Ceram is an independent expert in innovation, sustainability and quality assurance of materials. With a long history in the ceramics industry, Ceram has diversified into other materials and other markets including aerospace and defence, medical and healthcare, minerals, electronics and energy and environment. Partnership is central to how we do business; we work with our clients to understand their needs so that we can help them overcome materials challenges, develop new products, processes and technologies and gain real, tangible results. Headquartered in Staffordshire, UK, Ceram has approved laboratories around the world.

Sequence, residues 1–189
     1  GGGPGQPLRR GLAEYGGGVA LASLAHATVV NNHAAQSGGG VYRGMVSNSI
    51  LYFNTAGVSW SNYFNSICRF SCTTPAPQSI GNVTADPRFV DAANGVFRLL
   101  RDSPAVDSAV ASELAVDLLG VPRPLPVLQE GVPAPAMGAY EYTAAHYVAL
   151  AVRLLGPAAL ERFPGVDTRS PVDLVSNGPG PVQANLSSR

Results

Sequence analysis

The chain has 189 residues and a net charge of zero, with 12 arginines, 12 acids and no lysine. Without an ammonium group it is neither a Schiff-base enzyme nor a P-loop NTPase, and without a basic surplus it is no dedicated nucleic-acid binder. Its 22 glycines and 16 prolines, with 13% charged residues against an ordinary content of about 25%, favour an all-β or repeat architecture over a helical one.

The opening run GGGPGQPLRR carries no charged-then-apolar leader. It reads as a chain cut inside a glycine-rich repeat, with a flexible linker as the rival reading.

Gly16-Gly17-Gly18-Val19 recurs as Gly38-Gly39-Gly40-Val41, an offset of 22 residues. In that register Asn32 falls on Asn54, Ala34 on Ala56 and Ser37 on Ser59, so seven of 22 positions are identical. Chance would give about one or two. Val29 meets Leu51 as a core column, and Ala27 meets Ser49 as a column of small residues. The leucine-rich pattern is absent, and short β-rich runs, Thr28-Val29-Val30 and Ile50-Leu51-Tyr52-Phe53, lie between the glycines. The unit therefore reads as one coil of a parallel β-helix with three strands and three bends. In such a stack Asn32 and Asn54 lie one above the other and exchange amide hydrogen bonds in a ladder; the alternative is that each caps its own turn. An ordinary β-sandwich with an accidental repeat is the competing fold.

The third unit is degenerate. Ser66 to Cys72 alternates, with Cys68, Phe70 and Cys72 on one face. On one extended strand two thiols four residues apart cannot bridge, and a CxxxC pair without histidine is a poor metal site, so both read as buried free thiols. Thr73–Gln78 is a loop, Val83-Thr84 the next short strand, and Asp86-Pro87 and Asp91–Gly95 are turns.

About the Author


Dr. Giuliano Tari Operations Manager Giuliano holds PhD in Materials Engineering (Aveiro University, Portugal), an M.Eng in Chemical Engineering (Bologna University), and an MBA (Open University). Giuliano has over 12 years sales, operations and financial management experience of high-tech B2B consultancy projects. In addition, he is the technical consultant for rheology, flocculation, sedimentation, and other suspension related development and troubleshooting projects. Giulianos service and process knowledge spans across clay-based and technical/advanced ceramics, metal powders, and industrial and retail products. Giuliano has also been Project Manager on several European and DTI/TSB projects. During his career, Giuliano has been the author or co-author of over 40 papers and reviewer for the J. Am. Ceramic Society and J. Colloid Interface Science. Finally, Giuliano is involved with BSI on the standards committee NTI1 - Nanotechnologies.